One route to this goal might be to take inspiration from 3-d rapid prototyping devices, and conceive of some kind of pick-and-place mechanism operating at the atomic or molecular level, perhaps based on scanning probe techniques. On the other hand, the field of DNA nanotechnology gives us examples of complex structures built by self-assembly, in which the program to guide the construction is implicit within the structure of the building blocks themselves. This problem, then, goes beyond surface chemistry and the physics of self-assembly to some fundamental questions in computer science.

All readers are invited to comment on the thoughts they might have through the comment facility on the Ideas Factory blog

jim moore

Just a note about what Richard Jones is up to, this is a project this community could help out with.

EPSRC SANDPIT - SOFTWARE CONTROL OF MATTER AT THE ATOMIC OR MOLECULAR SCALE

What is a Sandpit?
A sandpit is a residential interactive workshop over 5 days involving 20-30 participants, a director and a number of independent stakeholders. An essential element of a sandpit is a highly multidisciplinary mix of participants taking part to drive lateral thinking and radical approaches to addressing particular research challenges.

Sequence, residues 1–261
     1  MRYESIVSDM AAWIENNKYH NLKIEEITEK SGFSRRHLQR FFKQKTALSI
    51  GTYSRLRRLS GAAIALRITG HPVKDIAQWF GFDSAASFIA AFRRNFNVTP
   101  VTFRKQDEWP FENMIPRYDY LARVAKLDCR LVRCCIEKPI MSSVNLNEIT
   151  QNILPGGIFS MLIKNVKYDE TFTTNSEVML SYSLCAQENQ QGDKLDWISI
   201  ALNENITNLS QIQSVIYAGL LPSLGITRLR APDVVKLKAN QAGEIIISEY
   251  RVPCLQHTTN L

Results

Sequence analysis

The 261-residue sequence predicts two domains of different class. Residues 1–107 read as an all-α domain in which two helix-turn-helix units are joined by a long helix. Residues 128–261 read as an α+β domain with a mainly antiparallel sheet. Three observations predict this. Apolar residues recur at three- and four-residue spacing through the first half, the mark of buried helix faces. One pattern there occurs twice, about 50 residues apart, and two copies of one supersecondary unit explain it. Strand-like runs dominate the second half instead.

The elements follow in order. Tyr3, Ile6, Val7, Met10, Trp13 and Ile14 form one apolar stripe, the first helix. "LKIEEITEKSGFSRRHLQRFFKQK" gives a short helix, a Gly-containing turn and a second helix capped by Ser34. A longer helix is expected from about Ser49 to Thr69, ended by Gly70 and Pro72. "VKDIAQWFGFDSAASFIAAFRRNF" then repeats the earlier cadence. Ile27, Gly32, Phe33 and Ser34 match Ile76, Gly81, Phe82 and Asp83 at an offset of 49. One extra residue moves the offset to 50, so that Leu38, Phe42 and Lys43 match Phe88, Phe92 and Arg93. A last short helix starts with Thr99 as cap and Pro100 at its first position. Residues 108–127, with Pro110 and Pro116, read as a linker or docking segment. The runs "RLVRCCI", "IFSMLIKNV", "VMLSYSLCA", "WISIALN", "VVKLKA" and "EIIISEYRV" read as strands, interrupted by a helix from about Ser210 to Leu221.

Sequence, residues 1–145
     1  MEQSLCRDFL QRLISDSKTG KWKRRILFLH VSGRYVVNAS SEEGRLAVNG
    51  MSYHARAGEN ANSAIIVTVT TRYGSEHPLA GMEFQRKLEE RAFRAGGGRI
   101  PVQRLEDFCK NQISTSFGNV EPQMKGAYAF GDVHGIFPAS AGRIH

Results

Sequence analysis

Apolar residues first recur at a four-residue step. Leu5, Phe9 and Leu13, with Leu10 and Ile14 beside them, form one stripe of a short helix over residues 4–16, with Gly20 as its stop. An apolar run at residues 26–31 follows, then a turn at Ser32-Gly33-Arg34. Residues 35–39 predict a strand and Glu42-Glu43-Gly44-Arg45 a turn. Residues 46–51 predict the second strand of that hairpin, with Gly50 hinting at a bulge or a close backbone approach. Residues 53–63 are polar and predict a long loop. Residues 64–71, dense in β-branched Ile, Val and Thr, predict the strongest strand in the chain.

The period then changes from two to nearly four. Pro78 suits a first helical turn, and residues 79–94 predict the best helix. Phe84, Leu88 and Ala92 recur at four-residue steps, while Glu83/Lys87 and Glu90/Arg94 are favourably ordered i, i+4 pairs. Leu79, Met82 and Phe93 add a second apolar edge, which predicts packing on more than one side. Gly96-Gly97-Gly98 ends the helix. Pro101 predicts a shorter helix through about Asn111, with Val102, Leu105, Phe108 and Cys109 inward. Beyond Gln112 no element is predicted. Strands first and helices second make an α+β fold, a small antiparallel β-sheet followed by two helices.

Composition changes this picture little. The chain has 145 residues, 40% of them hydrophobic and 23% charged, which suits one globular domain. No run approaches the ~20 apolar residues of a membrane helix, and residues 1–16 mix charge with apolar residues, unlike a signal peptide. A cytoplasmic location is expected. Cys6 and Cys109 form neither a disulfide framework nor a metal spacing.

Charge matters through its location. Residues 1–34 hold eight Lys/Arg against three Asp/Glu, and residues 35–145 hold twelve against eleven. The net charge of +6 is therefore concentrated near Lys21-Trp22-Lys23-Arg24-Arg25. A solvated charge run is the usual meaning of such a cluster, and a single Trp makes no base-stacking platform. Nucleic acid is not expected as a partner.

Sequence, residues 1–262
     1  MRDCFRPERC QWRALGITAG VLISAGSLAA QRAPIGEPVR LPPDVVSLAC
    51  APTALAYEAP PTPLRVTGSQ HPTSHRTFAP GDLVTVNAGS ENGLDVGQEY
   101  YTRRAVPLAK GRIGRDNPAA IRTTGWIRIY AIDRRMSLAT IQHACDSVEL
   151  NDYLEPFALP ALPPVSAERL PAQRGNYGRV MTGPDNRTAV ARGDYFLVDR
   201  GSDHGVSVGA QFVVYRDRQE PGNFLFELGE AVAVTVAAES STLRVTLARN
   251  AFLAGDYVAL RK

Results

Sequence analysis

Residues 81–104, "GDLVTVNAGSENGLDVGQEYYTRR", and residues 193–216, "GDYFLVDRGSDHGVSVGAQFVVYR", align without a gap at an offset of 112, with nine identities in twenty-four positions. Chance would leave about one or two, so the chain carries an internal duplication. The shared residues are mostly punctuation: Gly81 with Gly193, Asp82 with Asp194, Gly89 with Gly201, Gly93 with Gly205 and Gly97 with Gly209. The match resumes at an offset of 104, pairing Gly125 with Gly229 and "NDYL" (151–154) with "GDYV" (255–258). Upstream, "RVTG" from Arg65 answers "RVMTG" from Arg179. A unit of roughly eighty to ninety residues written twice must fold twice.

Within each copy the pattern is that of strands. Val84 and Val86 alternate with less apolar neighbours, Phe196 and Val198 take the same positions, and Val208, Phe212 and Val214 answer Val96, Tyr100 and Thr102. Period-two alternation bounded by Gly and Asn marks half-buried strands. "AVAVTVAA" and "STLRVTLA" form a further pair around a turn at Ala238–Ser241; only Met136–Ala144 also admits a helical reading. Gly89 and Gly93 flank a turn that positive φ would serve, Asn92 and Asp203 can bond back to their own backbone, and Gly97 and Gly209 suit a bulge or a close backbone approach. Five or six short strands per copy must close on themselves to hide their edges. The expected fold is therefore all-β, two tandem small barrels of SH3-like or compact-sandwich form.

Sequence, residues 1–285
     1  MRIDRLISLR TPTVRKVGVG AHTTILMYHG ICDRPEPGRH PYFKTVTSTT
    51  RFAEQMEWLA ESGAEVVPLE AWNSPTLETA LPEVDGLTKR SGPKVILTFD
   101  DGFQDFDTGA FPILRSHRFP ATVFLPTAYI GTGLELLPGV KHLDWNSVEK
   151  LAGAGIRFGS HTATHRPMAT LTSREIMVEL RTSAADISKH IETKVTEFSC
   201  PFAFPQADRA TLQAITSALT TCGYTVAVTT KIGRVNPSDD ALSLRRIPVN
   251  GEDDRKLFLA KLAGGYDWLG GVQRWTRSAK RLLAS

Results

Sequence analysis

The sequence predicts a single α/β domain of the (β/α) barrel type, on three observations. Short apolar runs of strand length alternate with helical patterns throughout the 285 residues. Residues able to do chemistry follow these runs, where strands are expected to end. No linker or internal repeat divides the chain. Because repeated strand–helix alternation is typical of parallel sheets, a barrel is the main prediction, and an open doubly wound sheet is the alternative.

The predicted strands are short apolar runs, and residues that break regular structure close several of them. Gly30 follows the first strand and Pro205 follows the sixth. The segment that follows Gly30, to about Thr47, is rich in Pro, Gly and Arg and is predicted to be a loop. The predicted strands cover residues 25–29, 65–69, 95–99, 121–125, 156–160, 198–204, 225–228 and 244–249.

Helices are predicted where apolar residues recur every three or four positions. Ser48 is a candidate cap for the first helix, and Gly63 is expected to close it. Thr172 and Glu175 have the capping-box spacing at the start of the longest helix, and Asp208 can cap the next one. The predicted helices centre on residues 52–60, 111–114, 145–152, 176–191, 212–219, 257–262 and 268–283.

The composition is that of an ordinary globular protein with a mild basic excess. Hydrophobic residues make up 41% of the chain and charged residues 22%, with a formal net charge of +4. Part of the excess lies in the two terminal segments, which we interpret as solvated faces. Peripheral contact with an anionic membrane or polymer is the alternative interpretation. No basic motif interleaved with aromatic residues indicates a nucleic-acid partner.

A sand-pit is an intensive discussion forum where free-thinking is encouraged to delve deep into the problems on the agenda in order to uncover innovative solutions. The sand-pit is led by the Director, whose role will be to define the topic and facilitate discussions at the sand-pit. This sand-pit will be led by Professor Richard Jones of the University of Sheffield. Working with the Director and participants will be a team of professional facilitators who will also help steer participants through the process.